A new, multi-institutional MS-to-PhD program will help strengthen collaboration between Carnegie Mellon University and the University of Pittsburgh campuses and expand access to graduate education in the growing fields of artificial intelligence, robotics, and neural engineering.
The two-year BRIDGE Program, recently funded by the U.S. Department of Defense (DoD), will actively recruit individuals currently underrepresented in STEM fields. It will provide a hands-on research experience and target individuals who have not had similar research opportunities at their undergraduate institutions.
“The research is the focus of this program,” said Gelsy Torres-Oviedo, associate professor of bioengineering at Pitt and principal investigator on the grant. “The BRIDGE Program will prepare students to compete for PhD positions at top-tier research institutions.”
In addition to the rigorous curriculum and research, students will participate in a summer internship at one of nine participating national laboratories — an experience that the program leaders hope will generate a pipeline of talent into these labs and the private sector.
“The global economy relies heavily on highly qualified personnel (HQP) having advanced degrees in science and engineering (S&E)”, said Douglas Weber, professor of mechanical engineering and neuroscience at Carnegie Mellon and co-PI on the grant. “For the US to remain competitive, especially in rapidly developing sectors like robotics, artificial intelligence (AI), autonomous systems, and neural engineering, participation in research-intensive graduate education must be expanded.”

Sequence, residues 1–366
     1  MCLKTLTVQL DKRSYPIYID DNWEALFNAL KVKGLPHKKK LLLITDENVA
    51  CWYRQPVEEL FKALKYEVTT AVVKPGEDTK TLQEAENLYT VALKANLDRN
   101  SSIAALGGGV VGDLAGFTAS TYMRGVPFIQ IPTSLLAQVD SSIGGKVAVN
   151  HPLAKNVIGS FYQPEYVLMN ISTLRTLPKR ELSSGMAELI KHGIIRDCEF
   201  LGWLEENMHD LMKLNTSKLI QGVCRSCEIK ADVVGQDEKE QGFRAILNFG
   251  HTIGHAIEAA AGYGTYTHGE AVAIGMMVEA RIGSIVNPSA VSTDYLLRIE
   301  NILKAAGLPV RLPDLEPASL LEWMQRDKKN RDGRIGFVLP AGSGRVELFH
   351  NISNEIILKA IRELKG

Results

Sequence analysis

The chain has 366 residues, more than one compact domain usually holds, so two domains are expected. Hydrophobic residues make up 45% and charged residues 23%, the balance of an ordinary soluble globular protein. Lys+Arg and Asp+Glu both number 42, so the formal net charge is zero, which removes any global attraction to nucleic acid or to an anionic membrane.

The program will leverage the complementary strengths of both universities and utilize established resources like the Center for the Neural Basis of Cognition (CNBC).
“CMU and Pitt share a long and enviable history of providing graduate students with research and training opportunities that span both campuses, leveraging the unique strengths of each. The BRIDGE program builds on this history to expand access to graduate training opportunities in these high-demand areas,” said Weber.
While similar MS-to-PhD programs exist across the country, none are focused on engineering or neuroscience and actively recruit students underrepresented in STEM. Black and Hispanic individuals continue to earn a smaller proportion of degrees in STEM relative to their share of the U.S. population.
“I have been fortunate to attract talented engineers from Hispanic background into my research group, and it has been a privilege to facilitate their transition from skilled technicians to independent thinkers,” Torres-Oviedo said. “This program is aimed at supporting the intellectual growth and broadening the professional opportunities for many other students like them.“
Interested students can apply now. The first cohort will begin this program in the summer of 2022.
For more information about the BRIDGE program, visit: https://www.meche.engineering.cmu.edu/education/graduate-programs/bridge-program.html.
BRIDGE is an acronym for Boosting Research-Experiences for Increasing Doctorate Graduates in Engineering.